Directed by: Dmitry Vasyukov & Werner Herzog.
Written by: Rudolph Herzog & Werner Herzog & Dmitry Vasyukov.
Werner Herzog is one of the mad geniuses of the cinema. Reading his autobiography, Life Itself, following his death, I was struck my an observation Roger Ebert made about Herzog – that he has never made an unworthy film, never made a film simply for commercial reasons. Ebert is correct of course – even if I haven’t loved all the Herzog films I have seen (and although I have seen many, there are many more I haven’t seen – he’s one of the most prolific filmmakers in the world). Herzog goes out and makes precisely the film he wants to make each and every time. So even if I remain unimpressed by films like My Son, My Son What Have Ye Done? or The Wild Blue Yonder, or a few others, I admire that Herzog remains true to himself. He makes the films he wants to make – you can like them or not. I don’t think he really cares.
With Happy People: A Year in the Taiga, what Herzog did was take the four documentaries made by director Dmitry Vasyukov about trappers in Siberia, and edited them together into one, coherent 90 minute film – and added his own narration, which is invaluable, because Herzog has perhaps the best voice of anyone in the world. It’s so calm and confident, and seemingly intelligent, that sometimes you miss how hilarious the narration can be – like in the wonderful documentary Encounters at the End of the World, set in Antarctica. Happy People isn’t quite on that same level – it’s more matter of fact than that. But it is gorgeous, fascinating, little documentary.
The Taiga is a huge area in Siberia, where trappers have been plying their trade for generations in pretty much the same way. True, now they use snowmobiles and chainsaws, but aside from that they pretty much go about their trade as they always have. Their traps are primitive – but they are that way because they are more effective than anything man has come up with since. They make their own skies, because doing so allows to travel greater distances with ease than factory made ones. They spend months on their own, moving from one hut to another, checking on their traps for the sable they catch, with no one but their dogs for company. And their dogs do everything for them – without the dogs, they couldn’t survive. No matter what the political situation is, it doesn’t affect these men. The most lighthearted moment comes when a politician shows up in the small village on a boat asking for re-election – and finds for the most part, no one cares, until he breaks out the flour that the villagers want.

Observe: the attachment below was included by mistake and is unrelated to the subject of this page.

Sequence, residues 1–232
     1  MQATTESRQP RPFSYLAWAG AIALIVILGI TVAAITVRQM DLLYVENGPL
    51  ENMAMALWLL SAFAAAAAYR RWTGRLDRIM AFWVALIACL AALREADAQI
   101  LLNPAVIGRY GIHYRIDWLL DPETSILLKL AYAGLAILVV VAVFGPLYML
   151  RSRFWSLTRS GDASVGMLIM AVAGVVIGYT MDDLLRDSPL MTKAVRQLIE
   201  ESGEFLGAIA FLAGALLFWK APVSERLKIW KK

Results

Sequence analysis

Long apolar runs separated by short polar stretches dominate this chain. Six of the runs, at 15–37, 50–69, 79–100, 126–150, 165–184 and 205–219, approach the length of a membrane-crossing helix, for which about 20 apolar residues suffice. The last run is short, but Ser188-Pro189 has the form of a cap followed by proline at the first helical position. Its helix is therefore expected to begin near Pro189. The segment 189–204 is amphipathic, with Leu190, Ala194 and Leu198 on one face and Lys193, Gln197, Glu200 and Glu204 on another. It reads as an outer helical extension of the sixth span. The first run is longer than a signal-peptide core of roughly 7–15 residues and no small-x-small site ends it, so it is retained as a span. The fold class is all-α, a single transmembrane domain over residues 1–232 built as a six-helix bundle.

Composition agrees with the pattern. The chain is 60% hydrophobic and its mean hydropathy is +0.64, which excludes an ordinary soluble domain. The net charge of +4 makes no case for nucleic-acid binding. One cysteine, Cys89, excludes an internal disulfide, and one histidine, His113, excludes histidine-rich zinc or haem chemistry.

I am fascinated by a movie like this – that shows a way of life much different than most people live. It is a simple life, but as Herzog (and the title) point out, it is a happy life –precisely the life these people want to live. They do what the want, they are experts at their craft, and have no plans on changing. There is nothing wrong with that.
Happy People: A Year in the Taiga is a simple film. The footage by Vasyukov is beautiful – especially in the winter months. And it shows us the type of people we rarely see in films. While the film does not rank among the best of Herzog’s career, it is yet another example of him doing precisely what he wants to do. How can you argue with that?